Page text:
CURWOOD: Yestermorrow instructor Mac Rood explains that controlling house size is an important environmentally sound building concept.
ROOD: You spend the time on paper, with paper and pencil and building models. You can design a space that is efficient, uses every square foot to the maximum, maybe just by moving some doors around you can reduce the traffic flow through a room and therefore be able to make the room smaller. Still as functional, still as gracious, but with less square footage, thereby saving material, saving the energy cost that's involved in heating that building for the 50, 100, 200 years that we hope this building's going to last.
CURWOOD: That's another of the key lessons taught at the Yestermorrow school. Building a sustainable home means building a structure that's going to last a long time.
ROOD: It means that the energy that's gone into creating that building, the materials and resources that have gone into that building, are going to be 2, 3 times more valuable if the building lasts 2 or 3 times as long. We've got to get away from the notion of disposable buildings.
CURWOOD: Mr. Rood and 2 other instructors go over these ideas again and again with students during marathon studio sessions. They also spend hours going over general architecture, building codes, and other basic concepts needed to plan a house. While those ideas seem simple enough, the students quickly learn that putting it all together takes time. Lots of time. Dori McDannold.
McDANNOLD: Before I came I was thinking, when we walk away from here we'll have blueprints for our house. But by the second week of this course I was like, yeah, I can let go of -- I'm not going to have blueprints. I'm not even going to be close. There are so many details and so many decisions, and I realize what a complex project it is just making all those decisions. So it might be a year, might be 2, who knows?
CURWOOD: You're going to be cold for a while.
CURWOOD: For those students who don't actually go on to build homes with their own 2 hands, Yestermorrow training puts them in a better position to deal with the architects and contractors who may create their home for them.
(A car door closes; people move around, ambient conversation)
CURWOOD: Every day Yestermorrow students take field trips to local homes. Most often the owners are architects or builders themselves who have created the long lasting space and energy efficient homes the school trumpets. Today, they visit the log house of instructor Joe Brent, who greets them as they pile out of the school van.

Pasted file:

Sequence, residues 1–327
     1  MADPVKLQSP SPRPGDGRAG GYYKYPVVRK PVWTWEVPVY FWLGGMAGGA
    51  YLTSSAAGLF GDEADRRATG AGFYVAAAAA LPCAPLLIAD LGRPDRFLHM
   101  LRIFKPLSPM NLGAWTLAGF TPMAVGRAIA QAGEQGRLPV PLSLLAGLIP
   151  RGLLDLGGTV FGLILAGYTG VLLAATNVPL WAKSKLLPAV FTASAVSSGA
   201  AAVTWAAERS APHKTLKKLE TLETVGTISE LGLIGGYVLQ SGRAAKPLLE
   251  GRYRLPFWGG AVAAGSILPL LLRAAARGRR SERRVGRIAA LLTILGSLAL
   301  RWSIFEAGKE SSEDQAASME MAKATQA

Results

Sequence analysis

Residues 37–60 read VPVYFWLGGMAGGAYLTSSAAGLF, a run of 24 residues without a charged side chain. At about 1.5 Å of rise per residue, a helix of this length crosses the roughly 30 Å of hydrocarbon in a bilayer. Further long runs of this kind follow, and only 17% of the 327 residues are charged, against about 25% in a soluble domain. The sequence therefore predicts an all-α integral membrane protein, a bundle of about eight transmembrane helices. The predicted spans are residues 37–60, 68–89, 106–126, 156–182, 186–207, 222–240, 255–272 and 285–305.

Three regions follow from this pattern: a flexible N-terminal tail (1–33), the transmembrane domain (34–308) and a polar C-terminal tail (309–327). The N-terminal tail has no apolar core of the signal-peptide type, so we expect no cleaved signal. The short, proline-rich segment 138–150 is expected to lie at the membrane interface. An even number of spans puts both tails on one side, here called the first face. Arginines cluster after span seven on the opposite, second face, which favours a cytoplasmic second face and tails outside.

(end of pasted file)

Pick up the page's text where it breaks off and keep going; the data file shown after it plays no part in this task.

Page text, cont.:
CHUCK: How's it going, Joe?
BRENT: Good, Chuck. You?
CHUCK: Good. This is neat.
CURWOOD: The log home is simple yet elegant.
McDANNOLD: Nice job, Joe!
BRENT: Thanks, Dori.
McDANNOLD: That's great. This looks like a well-done log house.
BRENT: Oh, well.
MAN: There's a crack you could get a rhino through here! (Laughter)
BRENT: I didn't have anything to do with that...
CURWOOD: A cheerful man, Joe Brent describes how he built this house himself, using a lot of local resources. The logs came from trees on his own land and were milled nearby. Pieces of his furnace were salvaged from old copy machines. Mr. Brent says it was not a conscious effort to reduce waste or save energy, it was just the cheapest, simplest course to take. As the students gather in the living room, Joe Brent uses the midsummer sun to explain how designing with nature makes it easier to keep the building comfortable.
BRENT: Now as you can see it's about 1:20 and the sun's up about as high as it's going to get, and there's just a very narrow band of sun that's hitting the porch. And very little coming in the windows. Now here it is the middle of summer, we're just not getting that solar gain that you would get if you didn't have enough overhang and some other factors. But in the winter, when the sun is much lower in the sky, the light just literally streams right in to where Rob is standing. So -- yeah, it's astounding.
CURWOOD: Mr. Brent expects that he and his family will spend the rest of their days here. Yestermorrow School founder John Connell says no matter where you live, that sense of place is the best reward from personal home building.
CONNELL: See, if you build your own home, you put a lot of effort into it. If you live there, and for a long time, it's important, all of a sudden it's important to know where the water's coming from and where the waste is going to. But if you buy your home and you're going to sell it in 5 years, or flip it as they say, then you can endure whatever kind of crime or waste or poor schools or other social ills come along with that home, because you're going to sell it. It's only when you invest in a spot and commit to a community of people that you really start to see the reason for cleaning up our streets, for saving the environment.
CURWOOD: Cleaning up the whole world is not the goal of John Connell or the Yestermorrow School. But he hopes the hundreds of prospective home builders sent out from this rural Vermont valley will try to change their own corners of it. Perhaps then their message of constructing a home to reflect the owner's values, as well as respect the environment, will catch on.